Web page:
This past month has been a little unsettling as I found out I was being made redundant (laid off). I have always believed everything happens for a reason and that something good comes from every change. Yet this hit me really hard. Maybe it is because I had been there for so long. Maybe deep down I knew things were going to change, but none of us are ever really prepared for the reality of this. Either way, I have been grieving what was and what will no longer be. This event made me realize how much we allow our profession to become our identity.
When our roles complete their cycle whether it’s finishing school, a change in a job, children leaving home, or a relationship changes, it’s like we have lost part of ourselves. We find ourselves wandering aimlessly.
If we rolled back the clock, and I became my little girl again, wouldn’t it be amazing if I was asked what would you like to feel when you are older? Wouldn’t the world be in a better place if we shifted away from the pressure and expectation where “growing up” meant you were becoming a job or label? Let’s have discussions about what characteristics we would like to emulate.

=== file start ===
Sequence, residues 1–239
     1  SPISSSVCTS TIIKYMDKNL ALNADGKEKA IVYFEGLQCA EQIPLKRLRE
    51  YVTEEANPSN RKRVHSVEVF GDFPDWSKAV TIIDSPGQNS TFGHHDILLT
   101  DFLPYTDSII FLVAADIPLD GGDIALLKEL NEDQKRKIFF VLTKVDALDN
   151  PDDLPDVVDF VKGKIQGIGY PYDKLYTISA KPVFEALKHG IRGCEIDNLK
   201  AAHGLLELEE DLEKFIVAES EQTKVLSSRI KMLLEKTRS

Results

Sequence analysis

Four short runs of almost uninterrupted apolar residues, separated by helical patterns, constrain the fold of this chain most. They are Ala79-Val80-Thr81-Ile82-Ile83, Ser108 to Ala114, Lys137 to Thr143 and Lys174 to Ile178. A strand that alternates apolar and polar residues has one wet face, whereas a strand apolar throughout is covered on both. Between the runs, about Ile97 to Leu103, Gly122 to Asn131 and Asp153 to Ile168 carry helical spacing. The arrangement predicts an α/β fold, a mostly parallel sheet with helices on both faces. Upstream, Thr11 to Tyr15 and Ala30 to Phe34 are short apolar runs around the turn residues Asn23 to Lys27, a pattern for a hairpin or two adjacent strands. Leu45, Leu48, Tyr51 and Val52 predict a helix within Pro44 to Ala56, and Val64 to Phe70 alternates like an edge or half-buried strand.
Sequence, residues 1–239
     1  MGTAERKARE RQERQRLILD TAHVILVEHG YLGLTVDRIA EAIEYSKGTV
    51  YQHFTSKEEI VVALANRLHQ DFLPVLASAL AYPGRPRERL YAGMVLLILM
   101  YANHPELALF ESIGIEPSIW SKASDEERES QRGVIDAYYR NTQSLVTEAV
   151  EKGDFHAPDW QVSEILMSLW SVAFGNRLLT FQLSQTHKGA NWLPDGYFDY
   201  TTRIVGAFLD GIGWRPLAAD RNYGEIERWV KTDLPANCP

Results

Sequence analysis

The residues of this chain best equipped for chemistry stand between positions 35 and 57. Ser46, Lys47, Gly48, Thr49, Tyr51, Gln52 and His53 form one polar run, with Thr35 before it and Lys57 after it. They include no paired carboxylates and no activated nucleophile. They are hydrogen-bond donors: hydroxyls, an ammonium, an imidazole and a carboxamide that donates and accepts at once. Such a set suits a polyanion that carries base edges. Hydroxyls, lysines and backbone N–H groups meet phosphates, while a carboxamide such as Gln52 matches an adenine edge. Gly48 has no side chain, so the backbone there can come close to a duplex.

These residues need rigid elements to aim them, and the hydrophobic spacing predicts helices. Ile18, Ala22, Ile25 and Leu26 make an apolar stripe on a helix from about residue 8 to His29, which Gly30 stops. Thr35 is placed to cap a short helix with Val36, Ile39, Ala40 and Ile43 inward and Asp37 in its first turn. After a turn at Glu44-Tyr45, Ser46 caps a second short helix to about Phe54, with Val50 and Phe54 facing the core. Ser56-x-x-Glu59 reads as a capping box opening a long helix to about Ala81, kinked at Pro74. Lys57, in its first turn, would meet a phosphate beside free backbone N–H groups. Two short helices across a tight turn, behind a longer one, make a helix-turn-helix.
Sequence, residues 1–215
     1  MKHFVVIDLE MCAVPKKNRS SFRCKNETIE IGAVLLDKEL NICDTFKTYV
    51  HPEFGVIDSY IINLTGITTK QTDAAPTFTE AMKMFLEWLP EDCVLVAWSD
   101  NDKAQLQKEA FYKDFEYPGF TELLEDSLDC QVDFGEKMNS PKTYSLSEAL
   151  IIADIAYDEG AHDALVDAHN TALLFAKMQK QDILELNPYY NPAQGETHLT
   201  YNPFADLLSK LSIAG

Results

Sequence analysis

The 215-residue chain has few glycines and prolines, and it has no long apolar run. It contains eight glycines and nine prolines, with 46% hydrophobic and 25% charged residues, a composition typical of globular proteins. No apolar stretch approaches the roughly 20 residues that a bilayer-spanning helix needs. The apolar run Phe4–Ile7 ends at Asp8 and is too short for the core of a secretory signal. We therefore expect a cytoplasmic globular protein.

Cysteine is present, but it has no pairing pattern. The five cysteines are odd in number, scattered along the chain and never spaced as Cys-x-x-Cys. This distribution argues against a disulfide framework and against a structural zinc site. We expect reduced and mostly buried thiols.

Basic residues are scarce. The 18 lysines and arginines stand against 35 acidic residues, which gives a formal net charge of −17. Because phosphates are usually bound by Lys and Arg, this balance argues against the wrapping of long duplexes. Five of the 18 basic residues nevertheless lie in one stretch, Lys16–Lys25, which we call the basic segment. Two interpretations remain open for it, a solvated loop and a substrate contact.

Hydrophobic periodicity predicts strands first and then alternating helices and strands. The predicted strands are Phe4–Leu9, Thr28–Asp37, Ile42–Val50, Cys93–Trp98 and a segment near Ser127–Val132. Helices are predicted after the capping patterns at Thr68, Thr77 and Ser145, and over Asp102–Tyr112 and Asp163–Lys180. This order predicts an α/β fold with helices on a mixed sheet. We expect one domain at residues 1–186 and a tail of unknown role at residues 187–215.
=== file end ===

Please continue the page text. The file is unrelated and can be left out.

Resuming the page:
I’m sure my little girl would answer: “Happy and free like a dancer. Be as inquisitive as an investigator. Guide and help others. Uncover exciting treasures. Help defenseless animals. Be a compassionate advocate and speaker for those who cannot speak for themselves. Feel weightless and see the beauty of the world and stars. I want to explore everything!”
If we could align our feelings and passions with our identity at a young age, we would be better equipped when life shifts. When we lose our jobs, it won’t feel like a part of us died in the process. The change won’t leave us struggling to redefine our whole being. We won’t be left asking ourselves “Who am I” every time we experience a role change because we would already know who we are. Regardless of our profession, we would recognize the qualities we possess do not leave us, even if the office desk is no longer ours.